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Empathy and Authenticity Online: The Roles of Moral Identity, Moral Disengagement, and Parenting Style

Morgan, Blaire ORCID: https://orcid.org/0000-0002-6294-0511 and Fowers, B. (2022) Empathy and Authenticity Online: The Roles of Moral Identity, Moral Disengagement, and Parenting Style. Journal of Personality, 90 (2). pp. 183-202. ISSN Print: 0022-3506 Online: 1467-6494

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Figure 1 - Hypothesized Mediation Figure.docx - Accepted Version
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Abstract

Research suggests that the internet could be considered an arena for both virtuous and vicious behaviors, with observations of enhanced perspective-taking and honest self-reflections occurring alongside evidence of cyberbullying and deceptive communications. In the current study, we explore the role of three widely recognized sources of moral behavior - moral identity, moral disengagement and authoritative parenting – in predicting adolescents’ online empathy and online authenticity. Seven-hundred-and-eighty-eight UK adolescents aged 11-18 years (66% male) completed measures of these key constructs. Structural equation modelling results suggest that parental responsiveness and autonomy granting are positively related to adolescents’ moral identity. In turn, moral identity was positively related to both online empathy and online authenticity. Having a stronger moral identity also meant that adolescents were less likely to morally disengage, and moral disengagement was negatively related to online authenticity in adolescent females. Partial invariance across gender and age was observed. The findings indicate that moral identity encourages moral thoughts, feelings and actions in the online environment, including being authentic and empathic. As the formation and accessibility of one’s moral identity can be promoted, we discuss the implications of these findings for cultivating prosocial behavior in the online environment as well as future research avenues.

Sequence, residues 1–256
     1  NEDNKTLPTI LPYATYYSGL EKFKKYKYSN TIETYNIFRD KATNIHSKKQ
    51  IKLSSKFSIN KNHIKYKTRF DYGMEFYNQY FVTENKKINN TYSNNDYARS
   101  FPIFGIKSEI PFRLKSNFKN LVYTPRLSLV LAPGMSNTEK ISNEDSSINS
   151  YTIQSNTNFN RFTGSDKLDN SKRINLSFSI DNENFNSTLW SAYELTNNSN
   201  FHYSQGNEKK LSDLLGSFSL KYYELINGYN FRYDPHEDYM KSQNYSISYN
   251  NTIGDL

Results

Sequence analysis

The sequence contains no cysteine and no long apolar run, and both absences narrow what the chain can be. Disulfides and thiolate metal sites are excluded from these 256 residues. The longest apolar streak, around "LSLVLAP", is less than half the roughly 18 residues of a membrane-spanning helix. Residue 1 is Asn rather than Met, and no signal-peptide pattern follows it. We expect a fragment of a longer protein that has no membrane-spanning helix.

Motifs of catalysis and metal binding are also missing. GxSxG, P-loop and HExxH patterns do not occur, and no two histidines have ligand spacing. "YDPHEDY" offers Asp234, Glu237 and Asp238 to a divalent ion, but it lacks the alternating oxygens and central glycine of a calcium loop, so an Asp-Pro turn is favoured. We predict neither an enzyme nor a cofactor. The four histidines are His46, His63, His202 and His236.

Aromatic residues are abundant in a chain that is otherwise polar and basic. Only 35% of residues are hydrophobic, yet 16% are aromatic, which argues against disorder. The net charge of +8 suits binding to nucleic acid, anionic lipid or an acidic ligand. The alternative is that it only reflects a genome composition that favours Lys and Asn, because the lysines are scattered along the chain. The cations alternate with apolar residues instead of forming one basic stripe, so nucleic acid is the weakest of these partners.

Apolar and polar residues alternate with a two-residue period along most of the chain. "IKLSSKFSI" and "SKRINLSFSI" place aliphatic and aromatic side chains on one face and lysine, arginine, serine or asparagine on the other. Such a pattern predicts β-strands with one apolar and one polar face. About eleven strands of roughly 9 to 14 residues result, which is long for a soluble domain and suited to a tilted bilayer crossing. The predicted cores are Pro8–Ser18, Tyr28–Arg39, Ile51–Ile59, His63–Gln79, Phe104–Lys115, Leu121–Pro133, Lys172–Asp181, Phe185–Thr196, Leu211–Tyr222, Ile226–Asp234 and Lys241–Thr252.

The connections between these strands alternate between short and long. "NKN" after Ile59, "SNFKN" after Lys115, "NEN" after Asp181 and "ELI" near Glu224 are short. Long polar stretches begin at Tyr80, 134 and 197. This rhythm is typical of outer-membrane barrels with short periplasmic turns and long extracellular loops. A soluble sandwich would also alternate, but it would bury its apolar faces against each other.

Item Type: Article
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Uncontrolled Discrete Keywords: empathy, authenticity, moral identity, moral disengagement, authoritative parenting, Internet use, Social Media
Subjects: B Philosophy. Psychology. Religion > BF Psychology
Divisions: College of Business, Psychology and Sport > School of Psychology
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Depositing User: Blaire Morgan
Date Deposited: 29 Jul 2021 08:44
Last Modified: 16 May 2022 11:34
URI: https://eprints.worc.ac.uk/id/eprint/11189

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